“We employed someone called Brian: Mr 10%,” he remembers. “Drove a turquoise and grey Rolls-Royce Silver Shadow, and he’d managed to get ‘the Right Honourable’ and ‘Sir’ put on his driving licence, so his sole purpose at Labrynth parties was to front the police when they showed up.”

Related: The month's best mixes: blood-pumping beats and meditative techno

Related: Sign up for the Sleeve Notes email: music news, bold reviews and unexpected extras

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Stereolab: ‘There was craziness in getting lost and dizzy’

Delivered... Ben Beaumont-Thomas | Scene | Wed 4 Sep 2019 10:37 am

Tim Gane and Laetitia Sadier pick their favourite tracks and reflect on two decades of pioneering electropop

Stereolab aren’t on the same page about why they’re touring again after a nine-year hiatus. “We’ve got seven albums coming back out...” says Tim Gane. “For the money,” Lætitia Sadier says simultaneously. They are the core duo of one of the best bands of the turn of the century: blending lounge-pop, punk, tropicalía and political poetry, they stuck out like a sore thumb during the Britpop era.

As Gane says, most of their albums are being reissued. But the pair were in a relationship for 16 years, separating in 2004; they weathered the sudden death of their bandmate Mary Hansen, and years of touring that Sadier describes as “crushing and exhausting”. So perhaps her deadpan cynicism has a grain of truth.

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One to watch: O’Flynn

Delivered... Kate Hutchinson | Scene | Sat 31 Aug 2019 2:00 pm
Flitting effortlessly between Afro disco and acid house, this young London producer is dancefloor dynamite

Nope, it’s not somewhere you’d end up on a wild out in Benidorm: O’Flynn is the alias of electronic music producer Ben Norris, purveyor of nimble, globetrotting house and disco jams. Since 2015, when James Blake played his track Oberyn on Radio 1, O’Flynn has been steadily releasing low-key secret weapons in DJs’ record bags. There’s Tyrion – inspired by the percussion he heard while on holiday in Morocco – which Four Tet dropped in a set on the streaming site Boiler Room. Or TKOTN, included by Bonobo on his mix for London nightclub Fabric’s esteemed compilation series.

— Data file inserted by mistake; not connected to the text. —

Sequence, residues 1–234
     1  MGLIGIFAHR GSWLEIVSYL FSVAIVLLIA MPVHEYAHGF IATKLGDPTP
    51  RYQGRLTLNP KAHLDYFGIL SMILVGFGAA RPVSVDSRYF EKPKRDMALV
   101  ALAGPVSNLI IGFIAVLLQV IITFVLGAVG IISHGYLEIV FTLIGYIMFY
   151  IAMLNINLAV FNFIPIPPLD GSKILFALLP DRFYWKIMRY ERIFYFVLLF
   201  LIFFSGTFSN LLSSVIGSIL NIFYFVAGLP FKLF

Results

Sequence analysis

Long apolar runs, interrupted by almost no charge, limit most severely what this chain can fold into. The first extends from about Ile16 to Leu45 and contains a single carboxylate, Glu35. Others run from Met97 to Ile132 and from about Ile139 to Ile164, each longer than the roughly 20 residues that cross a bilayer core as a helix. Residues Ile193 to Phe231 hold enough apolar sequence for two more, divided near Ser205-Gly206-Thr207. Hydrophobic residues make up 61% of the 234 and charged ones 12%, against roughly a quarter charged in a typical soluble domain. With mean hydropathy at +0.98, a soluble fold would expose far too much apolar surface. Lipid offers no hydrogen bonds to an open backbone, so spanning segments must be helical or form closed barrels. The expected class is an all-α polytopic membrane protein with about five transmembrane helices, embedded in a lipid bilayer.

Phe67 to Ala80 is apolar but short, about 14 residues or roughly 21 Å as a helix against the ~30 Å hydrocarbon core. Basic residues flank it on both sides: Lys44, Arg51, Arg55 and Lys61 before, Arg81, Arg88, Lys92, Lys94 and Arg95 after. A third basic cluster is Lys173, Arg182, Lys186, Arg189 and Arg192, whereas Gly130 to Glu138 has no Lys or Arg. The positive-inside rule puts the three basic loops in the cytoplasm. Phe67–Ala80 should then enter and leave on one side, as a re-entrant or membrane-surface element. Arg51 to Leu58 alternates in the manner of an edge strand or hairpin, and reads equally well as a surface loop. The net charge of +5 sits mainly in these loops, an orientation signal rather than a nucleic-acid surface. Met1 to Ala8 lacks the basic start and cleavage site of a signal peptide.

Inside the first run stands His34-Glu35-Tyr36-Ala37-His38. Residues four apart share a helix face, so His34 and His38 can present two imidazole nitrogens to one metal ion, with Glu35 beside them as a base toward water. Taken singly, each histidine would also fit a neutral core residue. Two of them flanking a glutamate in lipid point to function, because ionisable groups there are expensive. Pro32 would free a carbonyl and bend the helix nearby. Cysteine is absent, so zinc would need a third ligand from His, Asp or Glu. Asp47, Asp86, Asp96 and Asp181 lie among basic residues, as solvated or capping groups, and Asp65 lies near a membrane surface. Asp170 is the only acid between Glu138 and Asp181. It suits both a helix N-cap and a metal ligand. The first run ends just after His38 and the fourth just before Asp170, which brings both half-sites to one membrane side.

O’Flynn’s music flits between contemporary takes on the Afro-disco revival and even, as on his recent Ninja Tune release, acid house. It calls into question the ease with which (largely white, usually male) music producers are using African samples (a children’s chant; a polyrhythmic drum beat) for some quick “exotic” flavour. But O’Flynn does it rather seamlessly, like a boogie-fied Auntie Flo. He has said his passion for African music runs deep and, in 2016, he was involved in recording the mataali drum and vocal troupe Mubashira Mataali Group in Uganda.

Aletheia is released on 6 September on Silver Bear. O’Flynn tours the UK from 16 September

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The month’s best mixes: blood-pumping beats and meditative techno

Delivered... Tayyab Amin | Scene | Wed 28 Aug 2019 11:31 am

UNIIQU3 gives retro sounds a new sheen with her AFROPUNK mix, while MssingNo devastates with his glorious melodrama

Dazed Mix: Anthony Naples

Related: The month's best mixes: cosmic connections and oceanic electronics

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‘Dummy wasn’t a chillout album. Portishead had more in common with Nirvana’

Delivered... Jude Rogers | Scene | Sat 24 Aug 2019 5:00 pm
On the 25th anniversary of their classic debut, Geoff Barrow and Adrian Utley reflect on how the album came together

Twenty-five years ago, during the summer of Blur’s Parklife and Oasis’s Definitely Maybe, a darker, stranger record was released that would soon become huge. Its title and mood was inspired by a 1970s TV drama of the same name, about a young deaf woman in Yorkshire who becomes a prostitute. The lyrics spoke of emotional extremes, sung in an extraordinary, rural-tinged, English blues by the Devon-born Beth Gibbons, of “the blackness, the darkness, forever” in Wandering Star, or of the feeling that “nobody loves me, it’s true, not like you do” in Sour Times.

Its sound, woven together by Geoff Barrow and Adrian Utley, helped define what is known today in music as hauntology, the sampling of older, spectral sounds to evoke deeper cultural memories (Boards of Canada’s TV-sampling electronica, Burial’s dubstep, and the Ghost Box label’s folk horror soundworlds would follow their lead). But despite its starkness, Dummy became a triple-platinum seller and a Mercury prizewinner, perhaps because it struck a nerve in what Barrow calls our “sonic unconscious… when sounds can merge with other sounds from somewhere else, and ultimately create emotion”.

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One to watch: Velvet Negroni

Delivered... Tara Joshi | Scene | Sat 24 Aug 2019 2:00 pm